Hurry up and stimulate, by any means, to get the tax income going again. This is why they are acting fast and unilaterally.

    1. Since you’re a good libertarian, I am not surprised that you are disturbed by the fact that the current stimulus legislation will significantly increase the national debt. The fact that many people will suffer and die without this legislation is merely unfortunate collateral damage. After all, what can be more important than the free market? Also, as a good libertarian, you are once again in the minority. As Neil Irwin writes in the NYT, this legislation is necessary to stave off long-term economic damage. As Irwin says: “The very large deficits on the way in 2020 are more likely to leave the United States in a better fiscal situation for the years ahead than an alternative in which the government is more tightfisted but fails to prevent the widespread collapse of American businesses or help workers in desperate financial straits.” Economists of varying political ideologies agree with this statement.

      1. {rejecting fatuous labeling, accusation of sociopathic motive to me, smarmy attitude and Appeal to Dubious Authority NYTimes}

        I didn’t say it was unnecessary. I made a completely different claim. That the real urgency is this: shutoff of incoming FedGov revenue. When people do not work because business is shut down, the enormous tide of incoming payroll taxes from the business owners and workers comes to a screeching halt.

  2. Also, why on Earth do we still require Congress to physically meet to establish quorum? It’s 2020 and video conferencing has existed for over 20 years now. Entire universities are carrying out all classes and meetings over video chat. Why can’t Congress do the same?

    1. A single member can demand a quorum be present, which Rep. Tom Massie (R-Ky) has threatened to do. So now we have hundreds of Congresspeople rushing back to D.C. to crowd together in the room and vote. Apparently video conferencing is too high-tech for them.

  3. On another related topic, people have commented to me on the how conspicuous the silence is from movie starts/Hollywood to this crisis.

    Not only they, but many social justice warriors (including those of the right) seem to have gone very quiet.

    Both Trump and the people above revel in “narrative”. And this is no narrative, it’s beyond that. Except that Trump unravels, in contrast to the silence of the usually garrulous.

    1. I haven’t noticed particular silence: i’ve seen lots of videos and posts, from Tom Hanks to Gal Gadot and others, urging self-confinement, handwashing, etc. It would be unlike Hollywood people to shut up right now, I think.

  4. Robert Reich disagree with you:

    “Kudos to Rep. Alexandria Ocasio-Cortez for calling out Senate Republicans for putting corporations ahead of the American people. She’s absolutely right. The coronavirus stimulus package is a huge sop to those at the top, leaving very little for ordinary Americans caught in this horrendous pandemic.”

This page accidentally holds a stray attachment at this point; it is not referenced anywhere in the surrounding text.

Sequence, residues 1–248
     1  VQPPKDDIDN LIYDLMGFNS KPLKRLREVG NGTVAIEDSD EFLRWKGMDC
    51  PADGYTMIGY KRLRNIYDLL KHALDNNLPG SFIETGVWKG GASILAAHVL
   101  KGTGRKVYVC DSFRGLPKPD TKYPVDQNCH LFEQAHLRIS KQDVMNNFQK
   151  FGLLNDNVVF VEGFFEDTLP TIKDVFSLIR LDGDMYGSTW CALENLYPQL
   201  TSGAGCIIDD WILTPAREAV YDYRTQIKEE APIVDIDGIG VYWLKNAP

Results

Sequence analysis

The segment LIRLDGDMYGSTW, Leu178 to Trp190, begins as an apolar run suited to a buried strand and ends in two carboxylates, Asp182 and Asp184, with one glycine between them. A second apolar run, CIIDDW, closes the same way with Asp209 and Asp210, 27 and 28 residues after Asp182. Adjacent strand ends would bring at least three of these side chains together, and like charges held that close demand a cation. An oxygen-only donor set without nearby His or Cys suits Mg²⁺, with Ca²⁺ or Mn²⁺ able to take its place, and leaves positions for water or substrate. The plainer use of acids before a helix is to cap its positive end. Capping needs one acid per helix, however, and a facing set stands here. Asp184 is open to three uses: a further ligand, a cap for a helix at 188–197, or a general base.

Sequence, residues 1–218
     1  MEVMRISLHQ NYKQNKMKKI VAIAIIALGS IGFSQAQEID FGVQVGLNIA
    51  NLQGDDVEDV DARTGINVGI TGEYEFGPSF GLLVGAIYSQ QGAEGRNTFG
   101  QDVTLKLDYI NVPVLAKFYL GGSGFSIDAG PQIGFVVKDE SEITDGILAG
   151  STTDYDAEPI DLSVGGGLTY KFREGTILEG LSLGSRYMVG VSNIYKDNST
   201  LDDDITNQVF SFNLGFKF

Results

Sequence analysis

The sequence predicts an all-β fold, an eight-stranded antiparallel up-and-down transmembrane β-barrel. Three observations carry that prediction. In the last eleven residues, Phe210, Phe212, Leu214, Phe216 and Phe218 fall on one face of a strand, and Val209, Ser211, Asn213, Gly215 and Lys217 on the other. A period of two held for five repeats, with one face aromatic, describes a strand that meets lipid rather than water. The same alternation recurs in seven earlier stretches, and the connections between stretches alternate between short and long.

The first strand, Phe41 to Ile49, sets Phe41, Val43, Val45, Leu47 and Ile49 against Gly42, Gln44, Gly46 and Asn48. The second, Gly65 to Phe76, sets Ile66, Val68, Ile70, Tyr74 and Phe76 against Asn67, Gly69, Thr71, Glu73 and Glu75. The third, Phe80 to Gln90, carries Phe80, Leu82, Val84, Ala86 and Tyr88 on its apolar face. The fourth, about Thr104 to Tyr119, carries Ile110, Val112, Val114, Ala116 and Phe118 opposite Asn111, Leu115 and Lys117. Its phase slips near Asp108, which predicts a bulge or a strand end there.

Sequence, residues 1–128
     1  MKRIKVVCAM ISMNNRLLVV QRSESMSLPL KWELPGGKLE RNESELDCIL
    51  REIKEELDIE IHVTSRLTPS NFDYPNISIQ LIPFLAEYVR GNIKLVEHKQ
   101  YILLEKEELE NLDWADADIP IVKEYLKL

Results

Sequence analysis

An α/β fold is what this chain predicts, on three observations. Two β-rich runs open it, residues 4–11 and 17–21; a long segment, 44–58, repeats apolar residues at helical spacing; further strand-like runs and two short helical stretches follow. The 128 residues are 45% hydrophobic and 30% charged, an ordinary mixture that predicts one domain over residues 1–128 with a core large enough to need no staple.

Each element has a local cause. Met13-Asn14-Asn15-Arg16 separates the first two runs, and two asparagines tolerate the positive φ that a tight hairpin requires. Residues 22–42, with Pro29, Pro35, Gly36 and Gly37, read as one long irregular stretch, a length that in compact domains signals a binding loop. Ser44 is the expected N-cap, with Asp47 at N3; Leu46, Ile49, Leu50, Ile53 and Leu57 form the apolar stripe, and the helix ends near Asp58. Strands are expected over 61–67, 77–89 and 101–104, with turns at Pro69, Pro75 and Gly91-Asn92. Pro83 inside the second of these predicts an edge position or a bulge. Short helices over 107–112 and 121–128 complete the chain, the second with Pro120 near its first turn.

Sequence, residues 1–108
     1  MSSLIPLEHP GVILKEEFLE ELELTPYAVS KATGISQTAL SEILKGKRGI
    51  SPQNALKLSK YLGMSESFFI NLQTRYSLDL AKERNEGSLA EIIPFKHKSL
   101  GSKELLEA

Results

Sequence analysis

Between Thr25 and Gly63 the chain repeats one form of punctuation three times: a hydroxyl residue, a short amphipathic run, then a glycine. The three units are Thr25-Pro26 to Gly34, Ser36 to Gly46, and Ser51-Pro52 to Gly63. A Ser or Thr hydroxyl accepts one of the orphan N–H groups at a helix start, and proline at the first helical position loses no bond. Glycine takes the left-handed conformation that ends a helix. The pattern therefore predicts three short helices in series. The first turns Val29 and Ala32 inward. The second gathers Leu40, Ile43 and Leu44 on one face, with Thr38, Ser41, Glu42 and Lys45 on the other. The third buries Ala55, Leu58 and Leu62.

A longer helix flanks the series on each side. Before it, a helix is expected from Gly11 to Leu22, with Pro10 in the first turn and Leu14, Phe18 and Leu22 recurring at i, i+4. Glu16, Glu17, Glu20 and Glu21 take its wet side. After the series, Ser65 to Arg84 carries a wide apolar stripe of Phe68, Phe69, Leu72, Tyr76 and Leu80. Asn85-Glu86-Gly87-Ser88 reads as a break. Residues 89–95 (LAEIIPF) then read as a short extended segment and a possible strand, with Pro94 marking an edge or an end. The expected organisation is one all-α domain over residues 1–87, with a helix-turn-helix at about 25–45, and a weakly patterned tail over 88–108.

1. I’m sure a lot of people disagree with me, but Reich is wrong. The bill has been agreed on by all Dems in the Senate and nearly all in the House. It will pass. AOC is just trumpeting her virtue and delaying the stimulus, as well as making all the lawmakers fly across the country to pass something in the same form it would have passed anyway.

    2. And it’s not as though the Republicans are the only ones trying to insert things into the stimulus bill that serve their political interests and constituencies or are otherwise unrelated: changes to environmental law, requiring all companies receiving stimulus money to employ diversity & inclusion officers and fund diversity & inclusion initiatives for 5 years, etc. Are they putting ideology ahead of the American people?

      I’m not sure what made it into the final bill, though.

      1. Considering that McConnell won’t even give House bill a chance to even be discussed in the Senate, adding bits to bills like this bailout one are the only way Dems can do anything these days at the federal level. I think they have to fight back this way even if we would prefer such things not to happen in a perfect government. There may be objections to the particular bits that were added but those get discussed and negotiated. That said, I’m generally more in favor of the environmental ones than the diversity ones.

    3. She’s only 30, and entirely new to this all. I cut her lots of slack. More than some of Congress who either coast or grif their way through.

  5. What are some of the details in the stimulus bill regarding money to businesses and corporations? I think the argument from Republicans is that without robust support they will have to close and lay off people. Money to working people arrives that way too.